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Corruption is a very high risk for companies operating in Mali. Corruption in public procurement, in the settlement of commercial disputes, and petty corruption are common obstacles for investors. Mali is one of the world’s poorest countries and is currently recovering from a multidimensional political, security and economic crisis, which is not yet overcome in parts of the country, particularly in the north. Key anti-corruption laws include the Penal Code and the Law on the Prevention and Repression of Illicit Enrichment, which prohibits active and passive corruption, mostly in the public sector. The maximum punishment for corruption offenses is 20 years’ imprisonment or fines, but the anti-corruption provisions are poorly enforced. Mali has ratified the United Nations Convention against Corruption.
Last updated: March 2016
There is a very high risk of corruption in the judicial system, especially through bribery and influence peddling in courts (HRR 2014). Businesses report that irregular payments or bribes to obtain favorable decisions are commonly exchanged (GCR 2015-2016). The judiciary lacks resources and professional training and operates slowly and inefficiently (BTI 2016). Judges are sometimes absent from their assigned areas for as long as months (HRR 2014). Businesses find the legal framework inefficient in challenging regulations or in settling disputes (GCR 2015-2016).
The constitution provides for an independent judiciary, but in real,ity the institution is subject to the influence of the executive (HRR 2014). In most rural areas, disputes are typically handled by traditional authorities (such as local chiefs) (FitW 2015). Dispute resolution processes can take several years, and companies should note the risk of demands for payments to facilitate the legal process (ICS 2015). Enforcing a contract takes, on average, 620 days and is more costly than elsewhere in the region (DB 2016).
Corruption in the police force is a very high risk for businesses operating in Mali, with extortion at checkpoints being particularly problematic. In addition, petty corruption among police officers is endemic (OSAC, Aug. 2015). Drivers, businesspeople and residents report that armed groups and government security forces make extortion demands (HRW, Apr. 2015). Receipts are rarely provided, and failure to pay results in beating, detention and delays; the amount asked for typically ranges between CFA 5,000 to 10,000 (USD 8.30 to 16.60) at each major checkpoint (HRW, Apr. 2015).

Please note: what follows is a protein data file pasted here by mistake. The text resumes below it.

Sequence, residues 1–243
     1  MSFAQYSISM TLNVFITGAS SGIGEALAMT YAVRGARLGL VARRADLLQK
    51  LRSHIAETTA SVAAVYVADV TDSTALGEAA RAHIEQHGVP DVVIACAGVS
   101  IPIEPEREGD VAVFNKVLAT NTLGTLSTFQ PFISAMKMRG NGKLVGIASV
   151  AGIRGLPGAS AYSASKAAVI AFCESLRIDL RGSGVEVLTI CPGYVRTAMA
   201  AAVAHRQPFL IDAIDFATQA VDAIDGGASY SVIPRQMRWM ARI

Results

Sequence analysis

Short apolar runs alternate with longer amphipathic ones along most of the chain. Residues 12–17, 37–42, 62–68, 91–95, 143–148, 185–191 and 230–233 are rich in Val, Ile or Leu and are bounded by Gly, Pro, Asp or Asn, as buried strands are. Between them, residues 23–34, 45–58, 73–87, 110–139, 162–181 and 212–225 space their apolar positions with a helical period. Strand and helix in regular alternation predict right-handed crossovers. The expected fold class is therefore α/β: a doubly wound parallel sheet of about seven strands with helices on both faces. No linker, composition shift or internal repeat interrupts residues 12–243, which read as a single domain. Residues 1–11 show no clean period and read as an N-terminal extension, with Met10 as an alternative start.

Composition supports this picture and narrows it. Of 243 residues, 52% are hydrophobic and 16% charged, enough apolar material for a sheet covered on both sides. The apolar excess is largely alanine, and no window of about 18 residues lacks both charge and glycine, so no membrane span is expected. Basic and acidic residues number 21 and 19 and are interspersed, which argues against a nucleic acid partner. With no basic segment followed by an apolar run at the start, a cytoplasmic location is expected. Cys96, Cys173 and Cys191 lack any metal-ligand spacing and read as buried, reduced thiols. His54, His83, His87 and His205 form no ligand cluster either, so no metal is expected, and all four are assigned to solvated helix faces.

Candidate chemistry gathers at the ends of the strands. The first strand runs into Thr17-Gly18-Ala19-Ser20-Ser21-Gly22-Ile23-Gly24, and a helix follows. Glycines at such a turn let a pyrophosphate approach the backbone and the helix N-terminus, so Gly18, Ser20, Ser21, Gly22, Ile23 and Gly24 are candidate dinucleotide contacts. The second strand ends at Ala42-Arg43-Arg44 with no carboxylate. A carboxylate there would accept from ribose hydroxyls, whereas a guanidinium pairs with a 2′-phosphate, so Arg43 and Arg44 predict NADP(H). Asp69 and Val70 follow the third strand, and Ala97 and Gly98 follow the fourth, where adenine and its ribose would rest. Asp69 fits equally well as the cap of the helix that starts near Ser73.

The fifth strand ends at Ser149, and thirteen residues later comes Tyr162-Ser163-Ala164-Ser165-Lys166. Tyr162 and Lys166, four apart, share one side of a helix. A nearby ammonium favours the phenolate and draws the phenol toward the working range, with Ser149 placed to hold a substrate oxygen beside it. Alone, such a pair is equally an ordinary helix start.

The police has the responsibility for urban areas, while in rural areas gendarmeries are active (HRR 2014). Aside from corruption, lawlessness and insecurity are major obstacles to business (HRW, Apr. 2015). Armed groups and government security forces often act with impunity, and mechanisms to punish abuse are ineffective (HRW, Apr. 2015; HRR 2014). Businesses demonstrate a low trust in the reliability of police forces and cite business costs due to crime and violence (GCR 2015-2016). Around half of surveyed Malians perceive most of the police to be corrupt (Afrobarometer, Nov. 2015)
Corruption is a high risk for businesses acquiring public licenses, permits or utilities. Businesses report that irregular payments in relation to public utilities commonly occur (GCR 2015-2016). Eighteen percent of Malian survey respondents have paid a bribe or provided a favor in order to obtain public services in the past 12 months (TI, Dec. 2015). There is a stark difference in the availability of public services between rural and urban areas (Afrobarometer, Nov. 2014). Starting a business takes just 8.5 days but is very costly (DB 2016).